Sign up to our newsletter Community Matters

February Sussex Wildlife Trust: Toad-in-the-hole

February 1st, 2024
How did that toad get inside that rock?
Once upon a time, the British people were divided. Impassioned debates raged throughout the land, truth and common sense became distorted, and the public rose up and demanded an answer. How did that toad get inside that rock?

In 1898, two burly workmen in a chalk quarry near Lewes cracked open a hollow chunk of flint. The solid rock, formed 85 million years ago, split open to reveal an airtight cavity at its core. To the quarrymen’s amazement, entombed within the ancient flint was a dead toad.

‘Toad-in-the-hole’ hysteria soon hit the headlines. It seemed like every month the newspapers reported how someone had split open a rock and found a toad inside. Some of these toads had already croaked but others would inexplicably still be alive and hopping. The Victorian world was thrown into theological and philosophical panic. Clergymen preached that the Creator had placed the eternal amphibians in rocks at the dawn of time. Subscribers to Darwin’s new theory of evolution were perplexed. Charles Dickens wrote of his bewilderment, while others believed it was simply sorcery. Scientists began burying living toads in sealed boxes to investigate the unfortunate animal’s longevity.

The Lewes toad of 1898 is the world’s only surviving artefact of the entombed toad craze. It now resides in Brighton’s incredible Booth Museum of Natural History – one of my favourite places in the whole world. Amongst the many awe-inspiring exhibits at The Booth, you’ll find a special cabinet dedicated to curiosities. In it, lying reverentially on a bed of maroon felt, there is ‘Probably the most famous toad in the world’. Admittedly when it comes to world-famous toads it’s not a particularly crowded field, with only Toad of Toad Hall to contest the title. Alongside the original oval of cleft flint sits the shrivelled body of the infamous amphibian. The whole surreal exhibit is like a Kinder Surprise designed by Hieronymus Bosch.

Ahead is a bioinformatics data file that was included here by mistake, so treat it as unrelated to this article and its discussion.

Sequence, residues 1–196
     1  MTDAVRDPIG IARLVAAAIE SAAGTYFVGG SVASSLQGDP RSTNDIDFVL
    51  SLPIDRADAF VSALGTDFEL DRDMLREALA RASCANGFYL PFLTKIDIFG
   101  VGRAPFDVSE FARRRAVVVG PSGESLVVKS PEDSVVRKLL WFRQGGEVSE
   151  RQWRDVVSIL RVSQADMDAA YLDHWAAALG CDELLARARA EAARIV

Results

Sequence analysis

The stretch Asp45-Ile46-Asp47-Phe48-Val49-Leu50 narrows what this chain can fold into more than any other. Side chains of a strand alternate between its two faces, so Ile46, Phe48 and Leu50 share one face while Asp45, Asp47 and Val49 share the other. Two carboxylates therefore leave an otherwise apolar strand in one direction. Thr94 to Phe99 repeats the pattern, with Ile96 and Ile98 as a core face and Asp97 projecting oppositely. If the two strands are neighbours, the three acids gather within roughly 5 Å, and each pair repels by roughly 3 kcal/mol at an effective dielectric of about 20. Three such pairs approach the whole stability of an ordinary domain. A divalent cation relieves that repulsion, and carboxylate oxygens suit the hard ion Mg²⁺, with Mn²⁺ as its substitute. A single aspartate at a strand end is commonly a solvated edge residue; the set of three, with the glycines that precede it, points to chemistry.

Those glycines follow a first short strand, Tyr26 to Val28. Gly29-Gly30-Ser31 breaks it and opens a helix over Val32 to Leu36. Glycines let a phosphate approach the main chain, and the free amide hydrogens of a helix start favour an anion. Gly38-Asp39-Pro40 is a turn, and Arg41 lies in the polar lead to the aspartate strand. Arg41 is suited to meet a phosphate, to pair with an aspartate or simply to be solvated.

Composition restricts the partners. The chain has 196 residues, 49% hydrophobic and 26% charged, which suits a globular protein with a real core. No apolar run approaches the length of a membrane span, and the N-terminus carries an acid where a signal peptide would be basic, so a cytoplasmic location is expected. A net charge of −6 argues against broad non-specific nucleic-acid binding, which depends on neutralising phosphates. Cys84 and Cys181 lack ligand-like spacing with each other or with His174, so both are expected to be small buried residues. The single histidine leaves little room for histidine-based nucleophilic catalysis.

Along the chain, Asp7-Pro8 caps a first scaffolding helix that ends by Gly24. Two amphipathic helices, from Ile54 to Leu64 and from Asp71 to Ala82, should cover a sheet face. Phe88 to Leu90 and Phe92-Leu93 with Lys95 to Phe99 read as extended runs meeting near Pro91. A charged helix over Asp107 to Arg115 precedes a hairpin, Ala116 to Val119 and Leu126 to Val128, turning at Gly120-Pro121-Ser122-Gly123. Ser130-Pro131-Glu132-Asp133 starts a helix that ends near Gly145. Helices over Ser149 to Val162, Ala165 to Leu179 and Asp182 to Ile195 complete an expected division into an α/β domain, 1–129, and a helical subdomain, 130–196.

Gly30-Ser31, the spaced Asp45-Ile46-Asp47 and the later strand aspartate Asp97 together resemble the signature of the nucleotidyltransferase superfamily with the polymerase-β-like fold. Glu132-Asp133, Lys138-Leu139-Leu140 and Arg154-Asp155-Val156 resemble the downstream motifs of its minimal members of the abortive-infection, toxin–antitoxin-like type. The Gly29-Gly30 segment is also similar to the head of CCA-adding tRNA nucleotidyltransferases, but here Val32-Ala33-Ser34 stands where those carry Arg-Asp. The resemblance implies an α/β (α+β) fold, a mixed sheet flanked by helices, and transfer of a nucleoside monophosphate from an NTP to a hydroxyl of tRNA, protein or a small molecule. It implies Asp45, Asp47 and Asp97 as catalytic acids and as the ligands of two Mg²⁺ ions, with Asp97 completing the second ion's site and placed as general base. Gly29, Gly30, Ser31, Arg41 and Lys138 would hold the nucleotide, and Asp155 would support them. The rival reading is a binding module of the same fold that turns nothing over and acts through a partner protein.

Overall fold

But this cracked up flint isn’t all it’s cracked up to be. The Lewes toad was originally presented to the Brighton and Hove Natural History and Philosophical Society by Charles Dawson. That’s the same Charles Dawson who would soon be sticking some Orangutan teeth on a human skull and declaring he had discovered the ‘missing link’ at Piltdown, near Uckfield.

In 1953, Dawson would be unmasked as a fraudster and the whole ‘toad-in-the-hole’ phenomenon would come crashing down, dismissed as poppycock.

By Michael Blencowe: Learning & Engagement Officer, Sussex Wildlife Trust.
Sussex Wildlife Trust is an independent registered charity caring for wildlife and habitats throughout Sussex. It’s easy to join: T: 01273 497532 or online at:

Common Toad Dave Kilbey Sussex Wildlife Trust

Share this article...

Comments (0)

No comments have been submitted yet.
Why not be the first to send us your thoughts

Leave A Comment

Submit Comment

Thank you for your comments, they will appear shortly once approved.
Have You Seen...
Content Managed by Your SteyningCrafted by Scaws